One bill criminalizes workers who touch people in inappropriate places as part of their job. One bill mandates they do exactly that. In Texas, they even have the same sponsor.
A strict anti-abortion bill written by Texas state Sen. Dan Patrick went into effect earlier this year, requiring women seeking an abortion to first have a sonogram to ensure that they listen to their fetus’s heartbeat and hear a complete description of its development before they can obtain the procedure.
Women’s advocacy groups deride the new law as an undignified invasion of privacy, but advocates say it’s a necessary intrusion in order to further the pro-life cause.
“The government forcing this on a woman is wrong, but the very idea that the government thinks she hasn’t been a thoughtful moral agent is even more demeaning,” Kelly Hart, director of public affairs for Planned Parenthood of North Texas, told TPM.
Patrick, however, has taken a tough stand on mandatory bodily procedures — so long as they’re conducted by a government worker instead of a doctor. He also wrote a separate bill that would have criminalized patdowns from TSA security officers, which ultimately passed the state Senate but failed to become law amid threats from the federal government to divert flights from Texas in response.
“There was a time in this state, there was a time in our history, where we stood up to the federal government and we did not cower to rules and policies that invaded the privacy of Texans,” Patrick said in one floor speech.
Dave Simpson, lead sponsor of a corresponding bill in the House that would charge any TSA official who touches the “anus, sexual organ, buttocks or breasts of the other person or touches the other person in a manner that would be offensive to a reasonable person” with sexual harassment, spoke of his legislation in similar terms.
“You can’t go to third base without giving us a reason,” Simpson told ABC News.
Mandatory ultrasound bills in Virginia and Pennsylvania have drawn widespread criticism from women’s groups and pundits, some of whom have claimed lawmakers who condemn TSA patdowns as an outrage are engaged in hypocrisy. Comedian Jon Stewart described mandatory transvaginal ultrasound probes proposed in Virginia as “a TSA pat-down inside their vagina.”
In Virginia Gov. Bob McDonnell (R) was confronted this year on a local news show over his anti-TSA and anti-abortion position, responding that he thought ultrasounds were about providing “necessary information” to women.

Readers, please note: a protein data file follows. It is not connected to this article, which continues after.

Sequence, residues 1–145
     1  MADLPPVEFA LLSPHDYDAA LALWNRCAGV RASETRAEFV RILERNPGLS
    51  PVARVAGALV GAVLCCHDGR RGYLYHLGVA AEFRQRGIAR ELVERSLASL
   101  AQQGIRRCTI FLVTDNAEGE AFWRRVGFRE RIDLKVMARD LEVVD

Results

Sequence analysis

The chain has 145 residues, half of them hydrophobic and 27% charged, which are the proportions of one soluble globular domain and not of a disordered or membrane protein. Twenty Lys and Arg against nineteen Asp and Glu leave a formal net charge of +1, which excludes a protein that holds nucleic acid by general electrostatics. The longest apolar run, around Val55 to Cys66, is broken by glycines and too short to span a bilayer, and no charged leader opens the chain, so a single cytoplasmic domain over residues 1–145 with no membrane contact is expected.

A spokesman for Patrick said the senator could not be reached for comment. Simpson defended his bills as unrelated.
“I oppose the use of force to invade a body, but when you’re using force to destroy a human being it’s important to give them the knowledge of what they’re about to do,” Simpson told TPM. “You can refuse to see or hear it. The sonogram performed is a matter of care.”
The TSA bill and anti-abortion law are both prominent issues in Texas’s Republican Senate primary between Ted Cruz and David Dewhurst. Both support the anti-abortion legislation, but Cruz has accused Dewhurst of touting his vote for the TSA bill despite accusations from Simpson and Patrick that he killed it from behind the scenes to appease the federal government. Dewhurt has steadfastly denied that he was responsible for the TSA bill’s ultimate failure.
Matt Hirsch, a spokesman for Dewhurst, told TPM that while both bills involve mandatory touching, the candidate considered them apples and oranges.
“I guess I could understand your question, but I would disagree with the context of trying to compare the two,” he said, calling TSA patdowns an “intrusive” procedure. “I would say they’re separate issues. One deals with sanctity of life and one with invasion of privacy.”
A spokesman for Cruz did not respond to a request for comment.
Benjy Sarlin is a reporter for Talking Points Memo and co-writes the campaign blog, TPM2012. He previously reported for The Daily Beast/Newsweek as their Washington Correspondent and covered local politics for the New York Sun.